Hast given thy hand for another:

2 Thou art entangled in the words of thy mouth,

   Ensnared in the words of thy mouth.

3 Do this then, my son, and free thyself -

   For thou hast come under the power of thy neighbour -

   Go, instantly entreat and importune thy neighbour.

4 Give no sleep to thine eyes,

   And no slumber to thine eyelids;

5 Tear thyself free like a gazelle from his hand,

   And as a bird from the hand of the fowler.

The chief question here is, whether ל after ערב introduces him for whom or with whom one becomes surety. Elsewhere ערב (R. רב, whence also ארב, nectere, to twist close and compact) with the accusative of the person means to become surety for any one, to represent him as a surety, Proverbs 11:15; Proverbs 20:16 (Proverbs 27:13), Genesis 43:9; Genesis 44:33 (as with the accusative of the matter, to pledge anything, to deposit it as a pledge, Jeremiah 30:21; Nehemiah 5:3, equals שׂים, Arab. waḍ'a, Job 17:3); and to become surety with any one is expressed, Genesis 17:18, by ערב לפני. The phrase ערב ל is not elsewhere met with, and is thus questionable. If we look to Proverbs 6:3, the רע (רעה) mentioned there cannot possibly be the creditor with whom one has become surety, for so impetuous and urgent an application to him would be both purposeless and unbecoming. But if he is meant for whom one has become surety, then certainly לרעך is also to be understood of the same person, and ל is thus dat. commodi; similar to this is the Targumic ערבוּתא על, suretyship for any one, Proverbs 17:18; Proverbs 22:26. But is the זר, 1b, distinguished from רעך, the stranger with whom one has become surety? The parallels Proverbs 11:15; Proverbs 20:16, where זר denotes the person whom one represents, show that in both lines one and the same person is meant; זר is in the Proverbs equivalent to אחר, each different from the person in the discourse, Proverbs 5:17; Proverbs 27:2 - thus, like רעך, denotes not the friend, but generally him to whom one stands in any kind of relation, even a very external one, in a word, the fellow-creatures or neighbours, Proverbs 24:28 (cf. the Arab. sahbk and ḳarynk, which are used as vaguely and superficially). It is further a question, whether we have to explain 1b: if thou hast given thine hand to another, or for another. Here also we are without evidence from the usage of the language; for the phrase תּקע כּף, or merely תּקע, appears to be used of striking the hand in suretyship where it elsewhere occurs without any further addition, Proverbs 17:18; Proverbs 22:26; Proverbs 11:15; however, Job 17:3, נתקע ליד appears the same: to strike into the hand of any one, i.e., to give to him the hand-stroke. From this passage Hitzig concludes that the surety gave the hand-stroke, without doubt in the presence of witnesses, first of all of the creditor, to the debtor, as a sign that he stood for him. But this idea is unnatural, and the "without doubt" melts into air. He on whose hand the stroke falls is always the person to whom one gives suretyship, and confirms it by the hand-stroke. Job also, l.c., means to say: who else but Thou, O Lord, could give to me a pledge, viz., of my innocence? If now the זר, v. 1b, is, as we have shown, not the creditor,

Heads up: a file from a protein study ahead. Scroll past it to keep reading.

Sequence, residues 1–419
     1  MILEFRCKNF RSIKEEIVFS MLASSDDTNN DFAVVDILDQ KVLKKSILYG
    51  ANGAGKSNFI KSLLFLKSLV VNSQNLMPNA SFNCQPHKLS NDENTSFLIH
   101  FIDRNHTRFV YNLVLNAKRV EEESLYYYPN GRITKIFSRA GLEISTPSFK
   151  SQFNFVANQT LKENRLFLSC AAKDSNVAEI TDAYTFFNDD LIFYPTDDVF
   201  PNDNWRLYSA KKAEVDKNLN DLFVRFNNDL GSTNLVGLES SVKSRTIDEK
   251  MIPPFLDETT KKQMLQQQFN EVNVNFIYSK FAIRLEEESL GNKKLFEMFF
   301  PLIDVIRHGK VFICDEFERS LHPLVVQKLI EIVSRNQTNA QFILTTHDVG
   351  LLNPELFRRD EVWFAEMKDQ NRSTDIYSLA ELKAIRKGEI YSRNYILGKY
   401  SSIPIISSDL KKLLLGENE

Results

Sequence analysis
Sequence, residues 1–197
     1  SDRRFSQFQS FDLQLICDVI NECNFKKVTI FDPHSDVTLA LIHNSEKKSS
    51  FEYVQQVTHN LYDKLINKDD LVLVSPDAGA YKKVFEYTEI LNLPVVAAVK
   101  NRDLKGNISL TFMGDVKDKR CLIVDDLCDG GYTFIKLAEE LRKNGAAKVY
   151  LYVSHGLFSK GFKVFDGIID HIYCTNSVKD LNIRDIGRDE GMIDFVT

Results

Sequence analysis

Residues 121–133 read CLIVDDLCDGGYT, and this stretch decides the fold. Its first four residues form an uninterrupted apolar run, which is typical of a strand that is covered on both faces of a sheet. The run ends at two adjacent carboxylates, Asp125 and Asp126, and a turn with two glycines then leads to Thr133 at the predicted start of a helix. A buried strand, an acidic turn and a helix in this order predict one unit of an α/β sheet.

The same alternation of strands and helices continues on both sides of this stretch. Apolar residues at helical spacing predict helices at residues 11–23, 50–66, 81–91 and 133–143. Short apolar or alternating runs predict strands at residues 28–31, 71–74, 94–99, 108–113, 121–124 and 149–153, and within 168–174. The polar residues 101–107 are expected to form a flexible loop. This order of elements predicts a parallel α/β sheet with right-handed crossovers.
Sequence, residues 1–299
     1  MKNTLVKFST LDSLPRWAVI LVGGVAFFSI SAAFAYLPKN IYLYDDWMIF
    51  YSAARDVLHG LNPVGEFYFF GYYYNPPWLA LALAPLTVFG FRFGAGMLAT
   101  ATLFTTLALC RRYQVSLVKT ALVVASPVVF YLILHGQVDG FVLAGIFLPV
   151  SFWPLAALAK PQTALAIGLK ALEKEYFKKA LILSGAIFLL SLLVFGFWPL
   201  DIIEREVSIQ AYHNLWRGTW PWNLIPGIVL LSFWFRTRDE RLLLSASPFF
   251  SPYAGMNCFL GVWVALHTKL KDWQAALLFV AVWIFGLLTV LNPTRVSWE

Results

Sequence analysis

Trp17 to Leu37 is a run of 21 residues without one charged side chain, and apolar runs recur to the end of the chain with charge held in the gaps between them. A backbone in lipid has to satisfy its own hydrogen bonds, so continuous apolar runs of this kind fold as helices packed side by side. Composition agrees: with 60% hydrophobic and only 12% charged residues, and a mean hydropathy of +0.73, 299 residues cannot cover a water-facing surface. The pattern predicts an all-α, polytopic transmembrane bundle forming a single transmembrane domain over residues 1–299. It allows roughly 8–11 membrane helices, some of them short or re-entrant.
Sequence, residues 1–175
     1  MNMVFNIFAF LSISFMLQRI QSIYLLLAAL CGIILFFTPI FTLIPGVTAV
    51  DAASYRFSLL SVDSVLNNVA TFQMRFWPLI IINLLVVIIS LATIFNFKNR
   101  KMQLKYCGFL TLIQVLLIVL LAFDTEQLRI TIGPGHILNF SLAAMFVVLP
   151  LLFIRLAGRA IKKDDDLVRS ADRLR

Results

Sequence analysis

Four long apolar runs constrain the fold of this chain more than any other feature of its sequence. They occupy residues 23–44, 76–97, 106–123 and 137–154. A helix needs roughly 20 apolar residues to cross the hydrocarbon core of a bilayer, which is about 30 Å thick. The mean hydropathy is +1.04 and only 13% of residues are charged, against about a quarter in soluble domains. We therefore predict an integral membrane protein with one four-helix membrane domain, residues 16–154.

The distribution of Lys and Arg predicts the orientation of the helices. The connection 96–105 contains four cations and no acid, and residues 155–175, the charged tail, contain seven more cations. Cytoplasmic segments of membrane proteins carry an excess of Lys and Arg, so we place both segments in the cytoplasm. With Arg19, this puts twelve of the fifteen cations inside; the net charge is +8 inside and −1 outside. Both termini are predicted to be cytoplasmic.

(Note: A translation by R. Joseph Joel of Fulda, 1787, whose autograph MS Baer possesses, renders the passage not badly thus: - "My son, if thou hast become surety for thy friend, and hast given the hand to another, then thou art bound by thy word, held by thy promise. Yet do what I say to thee, my son: Be at pains as soon as thou canst to get free, otherwise thou art in the power of thy friend; shun no trouble, be urgent with thy friend.")